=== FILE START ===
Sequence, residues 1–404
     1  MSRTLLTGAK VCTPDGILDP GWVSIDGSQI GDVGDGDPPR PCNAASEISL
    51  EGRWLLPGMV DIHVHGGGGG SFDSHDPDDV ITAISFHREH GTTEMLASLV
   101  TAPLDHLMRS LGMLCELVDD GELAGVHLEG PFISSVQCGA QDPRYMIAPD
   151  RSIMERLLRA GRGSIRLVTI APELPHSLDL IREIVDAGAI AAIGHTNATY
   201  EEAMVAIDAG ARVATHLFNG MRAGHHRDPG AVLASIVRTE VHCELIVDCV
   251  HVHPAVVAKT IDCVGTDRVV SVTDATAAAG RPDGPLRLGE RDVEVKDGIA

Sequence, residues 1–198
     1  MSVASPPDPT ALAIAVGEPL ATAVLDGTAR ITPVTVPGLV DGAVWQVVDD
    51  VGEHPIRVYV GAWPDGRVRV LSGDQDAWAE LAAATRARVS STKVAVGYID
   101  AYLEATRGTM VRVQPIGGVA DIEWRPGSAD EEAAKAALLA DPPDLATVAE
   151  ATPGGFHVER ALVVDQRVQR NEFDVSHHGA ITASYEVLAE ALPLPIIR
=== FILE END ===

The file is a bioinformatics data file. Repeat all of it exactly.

Sequence, residues 1–404
     1  MSRTLLTGAK VCTPDGILDP GWVSIDGSQI GDVGDGDPPR PCNAASEISL
    51  EGRWLLPGMV DIHVHGGGGG SFDSHDPDDV ITAISFHREH GTTEMLASLV
   101  TAPLDHLMRS LGMLCELVDD GELAGVHLEG PFISSVQCGA QDPRYMIAPD
   151  RSIMERLLRA GRGSIRLVTI APELPHSLDL IREIVDAGAI AAIGHTNATY
   201  EEAMVAIDAG ARVATHLFNG MRAGHHRDPG AVLASIVRTE VHCELIVDCV
   251  HVHPAVVAKT IDCVGTDRVV SVTDATAAAG RPDGPLRLGE RDVEVKDGIA

Sequence, residues 1–198
     1  MSVASPPDPT ALAIAVGEPL ATAVLDGTAR ITPVTVPGLV DGAVWQVVDD
    51  VGEHPIRVYV GAWPDGRVRV LSGDQDAWAE LAAATRARVS STKVAVGYID
   101  AYLEATRGTM VRVQPIGGVA DIEWRPGSAD EEAAKAALLA DPPDLATVAE
   151  ATPGGFHVER ALVVDQRVQR NEFDVSHHGA ITASYEVLAE ALPLPIIR